Oddly enough the MK46 was a later modification of the 249 after the SPW. As a result some images I have found appear to be M249's converted with various SPW parts. The point being the SPW and MK46 are not the same weapon, but the CA lists the airsoft gun as an MK46 SPW when in reality it appears to fall into the category of a 249 with updated parts.
Weight: Based on weight listings from distributors the CA appears to be the lightest at 5900g (13lbs). This may be due to the fact that the CA does not come with a box mag, but only a high cap AR magazine. Regardless it has the lowest listed weight. When I weighed it with an empty A&K box mag and no battery it weighed in at 13.3 lbs (6030g)
Price: The G&P is by FAR the most expensive. The following prices are per one Canadian retailer which stocks all three, not including GST/HST or shipping:
A&K: $779.95 (Sale price of $479.95 [add $20 for tan], which appears to be a semi permanent sale as other retailers carry it for about this price)
Conclusion: Any of these models will make for a good support gun. Deciding which one is for you should be done by yourself. Determine what characteristics are important and go from there. As an SG you should know how to take the entire gun apart and rebuild it yourself. The intent of this guide is to assist you and will focus primarily on the CA MK46 which has many features in common with the A&K.
The CA MK46:
I'm pretty pleased with the overall quality. The gearbox design is much better than my A&K M60. All the pros with none of the really weird design features. Out of the box it was shooting 425-430 FPS @ 16 RPS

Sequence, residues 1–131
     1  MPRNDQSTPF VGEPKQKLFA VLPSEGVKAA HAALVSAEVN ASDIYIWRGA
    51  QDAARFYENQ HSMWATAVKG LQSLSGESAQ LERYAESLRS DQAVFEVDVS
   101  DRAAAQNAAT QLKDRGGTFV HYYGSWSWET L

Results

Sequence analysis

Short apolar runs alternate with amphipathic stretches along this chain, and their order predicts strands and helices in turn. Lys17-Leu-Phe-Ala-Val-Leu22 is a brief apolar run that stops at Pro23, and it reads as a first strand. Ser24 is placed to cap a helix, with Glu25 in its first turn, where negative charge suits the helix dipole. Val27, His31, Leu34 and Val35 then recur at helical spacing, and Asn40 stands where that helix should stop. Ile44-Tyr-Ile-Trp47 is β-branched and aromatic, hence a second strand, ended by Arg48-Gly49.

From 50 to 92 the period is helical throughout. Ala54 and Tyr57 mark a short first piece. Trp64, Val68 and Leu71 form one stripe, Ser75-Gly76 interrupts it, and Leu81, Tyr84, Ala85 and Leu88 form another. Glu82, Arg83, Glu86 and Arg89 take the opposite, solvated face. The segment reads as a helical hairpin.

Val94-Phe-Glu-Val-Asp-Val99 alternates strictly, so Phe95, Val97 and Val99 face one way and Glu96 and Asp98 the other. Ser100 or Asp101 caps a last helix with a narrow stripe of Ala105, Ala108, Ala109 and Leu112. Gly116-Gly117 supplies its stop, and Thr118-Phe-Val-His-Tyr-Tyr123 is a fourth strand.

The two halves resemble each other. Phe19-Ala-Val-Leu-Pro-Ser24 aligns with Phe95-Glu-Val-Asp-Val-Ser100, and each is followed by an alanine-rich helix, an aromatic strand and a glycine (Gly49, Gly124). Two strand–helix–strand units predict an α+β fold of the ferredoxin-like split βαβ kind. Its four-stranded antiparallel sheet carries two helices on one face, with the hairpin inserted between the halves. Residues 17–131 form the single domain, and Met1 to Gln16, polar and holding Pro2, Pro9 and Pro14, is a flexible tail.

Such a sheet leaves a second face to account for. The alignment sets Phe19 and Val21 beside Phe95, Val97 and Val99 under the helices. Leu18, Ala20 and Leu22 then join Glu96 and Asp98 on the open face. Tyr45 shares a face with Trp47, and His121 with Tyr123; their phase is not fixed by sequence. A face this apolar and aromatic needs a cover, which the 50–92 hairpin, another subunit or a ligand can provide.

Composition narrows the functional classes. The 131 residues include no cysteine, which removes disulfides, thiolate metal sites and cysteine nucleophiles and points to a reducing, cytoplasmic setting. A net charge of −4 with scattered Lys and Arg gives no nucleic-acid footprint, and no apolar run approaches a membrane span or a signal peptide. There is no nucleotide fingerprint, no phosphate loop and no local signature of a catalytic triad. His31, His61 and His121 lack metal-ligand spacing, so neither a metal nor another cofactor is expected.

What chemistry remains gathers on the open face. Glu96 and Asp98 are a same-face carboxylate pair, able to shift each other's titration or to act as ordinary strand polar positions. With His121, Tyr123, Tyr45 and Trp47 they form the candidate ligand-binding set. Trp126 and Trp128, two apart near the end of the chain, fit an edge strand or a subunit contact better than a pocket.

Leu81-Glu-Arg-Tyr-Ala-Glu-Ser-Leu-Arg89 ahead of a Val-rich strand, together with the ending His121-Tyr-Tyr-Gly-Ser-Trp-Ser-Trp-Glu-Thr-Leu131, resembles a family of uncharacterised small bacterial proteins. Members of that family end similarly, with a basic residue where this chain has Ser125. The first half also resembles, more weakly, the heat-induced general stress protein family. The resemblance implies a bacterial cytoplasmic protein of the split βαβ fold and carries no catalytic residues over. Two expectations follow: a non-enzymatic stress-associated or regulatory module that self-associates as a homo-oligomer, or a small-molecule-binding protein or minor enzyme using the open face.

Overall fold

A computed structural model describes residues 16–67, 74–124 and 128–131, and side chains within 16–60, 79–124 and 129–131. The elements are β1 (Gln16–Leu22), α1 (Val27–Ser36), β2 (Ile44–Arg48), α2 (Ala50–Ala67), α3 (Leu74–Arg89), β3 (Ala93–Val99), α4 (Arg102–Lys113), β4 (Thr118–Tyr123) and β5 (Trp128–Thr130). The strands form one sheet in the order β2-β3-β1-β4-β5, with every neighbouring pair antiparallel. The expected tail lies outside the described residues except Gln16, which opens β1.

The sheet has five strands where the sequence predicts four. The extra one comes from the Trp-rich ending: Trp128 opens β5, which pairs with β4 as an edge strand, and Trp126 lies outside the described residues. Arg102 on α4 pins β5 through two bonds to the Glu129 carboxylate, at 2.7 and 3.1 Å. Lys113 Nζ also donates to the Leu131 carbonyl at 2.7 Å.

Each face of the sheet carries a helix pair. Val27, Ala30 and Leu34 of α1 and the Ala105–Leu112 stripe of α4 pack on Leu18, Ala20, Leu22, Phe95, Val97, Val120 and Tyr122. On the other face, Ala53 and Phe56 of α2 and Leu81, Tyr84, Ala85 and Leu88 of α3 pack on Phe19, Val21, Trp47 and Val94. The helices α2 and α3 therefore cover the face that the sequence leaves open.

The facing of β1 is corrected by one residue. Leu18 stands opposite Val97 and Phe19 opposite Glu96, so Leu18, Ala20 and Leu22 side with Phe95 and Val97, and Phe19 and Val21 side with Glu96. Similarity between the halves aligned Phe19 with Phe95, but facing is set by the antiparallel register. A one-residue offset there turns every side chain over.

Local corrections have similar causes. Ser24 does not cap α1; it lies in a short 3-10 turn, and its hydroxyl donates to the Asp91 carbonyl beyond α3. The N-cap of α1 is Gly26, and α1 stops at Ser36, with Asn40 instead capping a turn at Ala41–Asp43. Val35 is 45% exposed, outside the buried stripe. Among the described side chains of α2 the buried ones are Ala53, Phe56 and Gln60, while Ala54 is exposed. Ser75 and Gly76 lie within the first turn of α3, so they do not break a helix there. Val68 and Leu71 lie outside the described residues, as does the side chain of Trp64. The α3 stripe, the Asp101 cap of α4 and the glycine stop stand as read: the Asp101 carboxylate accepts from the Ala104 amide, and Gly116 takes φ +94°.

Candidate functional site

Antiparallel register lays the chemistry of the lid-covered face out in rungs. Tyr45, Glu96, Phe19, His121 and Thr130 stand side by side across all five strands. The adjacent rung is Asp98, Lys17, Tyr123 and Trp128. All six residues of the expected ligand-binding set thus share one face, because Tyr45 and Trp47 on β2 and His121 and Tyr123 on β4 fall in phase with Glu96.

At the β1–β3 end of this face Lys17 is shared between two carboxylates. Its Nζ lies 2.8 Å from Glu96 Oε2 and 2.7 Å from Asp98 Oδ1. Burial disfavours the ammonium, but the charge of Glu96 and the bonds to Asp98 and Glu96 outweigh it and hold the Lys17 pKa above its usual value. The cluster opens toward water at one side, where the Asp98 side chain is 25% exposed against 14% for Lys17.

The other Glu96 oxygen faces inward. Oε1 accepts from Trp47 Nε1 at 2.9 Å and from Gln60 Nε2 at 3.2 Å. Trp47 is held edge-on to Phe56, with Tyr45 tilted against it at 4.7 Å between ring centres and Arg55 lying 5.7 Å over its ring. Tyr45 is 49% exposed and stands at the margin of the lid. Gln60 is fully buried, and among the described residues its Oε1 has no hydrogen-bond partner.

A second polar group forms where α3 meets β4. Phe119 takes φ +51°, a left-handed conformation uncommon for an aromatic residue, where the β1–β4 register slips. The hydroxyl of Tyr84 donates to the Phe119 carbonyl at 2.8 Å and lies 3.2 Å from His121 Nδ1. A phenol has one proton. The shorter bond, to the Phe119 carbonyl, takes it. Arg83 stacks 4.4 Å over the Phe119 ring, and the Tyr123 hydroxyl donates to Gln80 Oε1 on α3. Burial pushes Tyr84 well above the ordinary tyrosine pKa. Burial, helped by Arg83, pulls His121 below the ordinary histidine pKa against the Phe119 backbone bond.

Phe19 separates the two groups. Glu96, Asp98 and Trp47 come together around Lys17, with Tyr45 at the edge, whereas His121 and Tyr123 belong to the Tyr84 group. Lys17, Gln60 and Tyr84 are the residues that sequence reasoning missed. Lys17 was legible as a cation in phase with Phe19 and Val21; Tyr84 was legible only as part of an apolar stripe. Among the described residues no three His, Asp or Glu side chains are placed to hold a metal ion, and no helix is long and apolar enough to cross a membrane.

Gearbox internals were not that great, but the shell is excellent. The spring guide is plastic but mine was cracked. Cylinder had a big 'string' of metal sticking off the end remaining from the manufacturing process. Both the piston head and spring guide have thrust bearings. Gears look pretty standard, the trigger switch is a much better version over my A&K M60, and by better I mean the quality of the plastic. The A&K triggers will crack easily when you tighten the '60's gearbox screws which leads the trigger switch to literally disintegrate. Wiring is solid and simple but it will be replaced with a higher quality of wire. It does have what looks like an aluminium cylinder head with sorbo pad though, similar to the modify series but a different hue of blue.
Above picture shows a new spring guide attached, the original is to the right.
I purchased an A&K box with the MK46. It fits but wobbles badly. Applying electrical tape to the shoulders of the mount on the box mag will solve this.